A trial balance is a financial statement that a business prepares at the end of an accounting period, just before making adjusting entries. An unadjusted trial balance is created first and used to make adjusted entries, close the books and prepare the final versions of the financial statements. The unadjusted trial balance is created by transferring the accounts and amounts from the business’s general ledger to the worksheet. The cash account is commonly affected by several transactions.
Open the general ledger. This should be a spreadsheet or accounting software document that tracks all accounting transactions for all of the accounts a business uses. If a business uses the cash account for collecting payments, making payments and making purchases, there will be high number of debit and credit amounts involving the cash account in the general ledger.
Prepare a T-account to calculate the balance of the cash account. A T-account is a T-shaped table composed of two columns. Label the top of the T with “debit” on the far left side and “credit” on the far right side. Write “Cash” at the very top to specify that this T-account is for cash transactions only.
Start at the beginning of the period for the general ledger and review all of the business's transactions where the cash account has been used. For every debit entry of the cash account on the general ledger, record that amount in the debit column on the T-account. Do the same for every credit entry, recording these in the credit column on the T-account.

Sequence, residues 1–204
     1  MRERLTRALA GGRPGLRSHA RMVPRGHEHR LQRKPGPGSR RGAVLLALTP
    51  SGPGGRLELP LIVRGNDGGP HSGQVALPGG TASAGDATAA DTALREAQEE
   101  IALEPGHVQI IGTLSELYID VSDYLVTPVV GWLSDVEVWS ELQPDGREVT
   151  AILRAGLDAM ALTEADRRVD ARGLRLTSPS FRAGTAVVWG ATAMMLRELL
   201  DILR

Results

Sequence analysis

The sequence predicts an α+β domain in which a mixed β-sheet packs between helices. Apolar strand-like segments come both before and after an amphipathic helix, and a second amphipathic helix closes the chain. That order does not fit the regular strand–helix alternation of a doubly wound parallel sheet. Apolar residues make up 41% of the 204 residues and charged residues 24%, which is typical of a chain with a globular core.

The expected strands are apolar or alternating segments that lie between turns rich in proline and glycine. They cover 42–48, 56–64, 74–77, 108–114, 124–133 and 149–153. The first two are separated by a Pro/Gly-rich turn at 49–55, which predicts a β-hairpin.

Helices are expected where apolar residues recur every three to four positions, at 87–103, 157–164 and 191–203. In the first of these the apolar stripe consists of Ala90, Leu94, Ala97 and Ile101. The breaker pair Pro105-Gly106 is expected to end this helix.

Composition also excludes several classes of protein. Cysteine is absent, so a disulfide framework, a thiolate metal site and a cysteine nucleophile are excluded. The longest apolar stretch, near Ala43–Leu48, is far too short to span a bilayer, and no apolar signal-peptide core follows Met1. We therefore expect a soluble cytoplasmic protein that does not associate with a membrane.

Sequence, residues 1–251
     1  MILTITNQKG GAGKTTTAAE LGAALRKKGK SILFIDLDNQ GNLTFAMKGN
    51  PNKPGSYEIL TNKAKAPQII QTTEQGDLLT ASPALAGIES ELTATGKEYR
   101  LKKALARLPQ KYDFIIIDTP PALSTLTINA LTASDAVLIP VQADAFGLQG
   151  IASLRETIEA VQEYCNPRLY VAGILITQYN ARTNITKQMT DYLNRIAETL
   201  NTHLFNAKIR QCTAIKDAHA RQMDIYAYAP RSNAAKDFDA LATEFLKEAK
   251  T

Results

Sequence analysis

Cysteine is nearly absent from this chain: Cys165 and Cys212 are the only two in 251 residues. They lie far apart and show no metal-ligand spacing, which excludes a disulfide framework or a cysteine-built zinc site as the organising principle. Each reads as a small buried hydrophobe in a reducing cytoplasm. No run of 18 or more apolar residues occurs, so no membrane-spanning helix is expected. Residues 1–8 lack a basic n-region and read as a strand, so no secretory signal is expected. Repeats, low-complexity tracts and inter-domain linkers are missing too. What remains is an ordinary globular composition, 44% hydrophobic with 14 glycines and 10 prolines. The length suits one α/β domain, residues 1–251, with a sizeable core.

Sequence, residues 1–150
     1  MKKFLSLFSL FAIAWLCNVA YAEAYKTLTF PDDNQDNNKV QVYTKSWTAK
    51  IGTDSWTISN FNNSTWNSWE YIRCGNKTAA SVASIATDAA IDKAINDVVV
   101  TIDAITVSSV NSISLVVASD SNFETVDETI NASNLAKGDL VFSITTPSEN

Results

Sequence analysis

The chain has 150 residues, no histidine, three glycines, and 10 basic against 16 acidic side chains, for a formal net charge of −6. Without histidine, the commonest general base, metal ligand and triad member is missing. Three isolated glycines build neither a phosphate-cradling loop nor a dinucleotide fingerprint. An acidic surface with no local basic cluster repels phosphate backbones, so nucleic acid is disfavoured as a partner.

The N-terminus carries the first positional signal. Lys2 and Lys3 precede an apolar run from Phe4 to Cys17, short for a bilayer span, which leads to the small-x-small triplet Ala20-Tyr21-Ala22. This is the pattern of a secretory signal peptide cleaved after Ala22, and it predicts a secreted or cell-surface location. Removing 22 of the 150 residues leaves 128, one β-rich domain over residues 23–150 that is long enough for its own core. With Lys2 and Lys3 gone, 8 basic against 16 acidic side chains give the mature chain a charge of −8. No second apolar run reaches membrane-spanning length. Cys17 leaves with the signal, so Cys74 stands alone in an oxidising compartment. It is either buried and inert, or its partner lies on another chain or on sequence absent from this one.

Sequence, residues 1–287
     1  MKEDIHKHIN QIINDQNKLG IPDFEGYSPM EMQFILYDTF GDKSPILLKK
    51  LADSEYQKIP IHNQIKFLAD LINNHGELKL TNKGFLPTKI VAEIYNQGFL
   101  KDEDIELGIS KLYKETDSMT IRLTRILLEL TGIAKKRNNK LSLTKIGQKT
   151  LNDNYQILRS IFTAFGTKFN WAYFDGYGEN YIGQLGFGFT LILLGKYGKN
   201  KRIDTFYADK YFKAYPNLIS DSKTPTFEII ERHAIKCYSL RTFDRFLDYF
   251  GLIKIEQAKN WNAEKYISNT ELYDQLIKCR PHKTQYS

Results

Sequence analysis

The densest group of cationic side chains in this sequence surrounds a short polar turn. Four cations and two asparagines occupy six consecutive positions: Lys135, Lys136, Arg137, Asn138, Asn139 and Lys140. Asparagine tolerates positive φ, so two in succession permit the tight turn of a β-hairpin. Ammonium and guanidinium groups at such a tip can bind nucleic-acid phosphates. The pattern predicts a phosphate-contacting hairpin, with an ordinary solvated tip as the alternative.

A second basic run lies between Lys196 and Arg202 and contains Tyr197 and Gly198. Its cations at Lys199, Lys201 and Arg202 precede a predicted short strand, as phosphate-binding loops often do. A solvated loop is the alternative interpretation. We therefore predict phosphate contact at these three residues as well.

Add the debit amounts in the T-account and total them. Do the same for the credit amounts in the other column, then subtract the total credit amount from the total debit amount. This will bring you to your total cash balance, which will be a debit balance if it is a positive figure or a credit balance if it is a negative figure. Ensure that you included and recorded every single cash transaction and did the math properly to avoid any inaccuracies.
Open a new spreadsheet or trial balance document. It should be labeled with the company name and date, and be titled “Trial Balance.”
List all of the business's account names on the far left side of the spreadsheet. Look at the general ledger and list the most-liquid assets, most-liquid liabilities, equities, revenues and expenses in sequential order. Generally, the cash account is listed first because it is the most liquid asset.
Elise Stall is an experienced writer, blogger and online entrepreneur who has been writing professionally since 2009. She currently blogs at Elise's Review. She has a Bachelor of Commerce from the University of Ontario Institute of Technology and a postgraduate diploma in small-business management from George Brown College.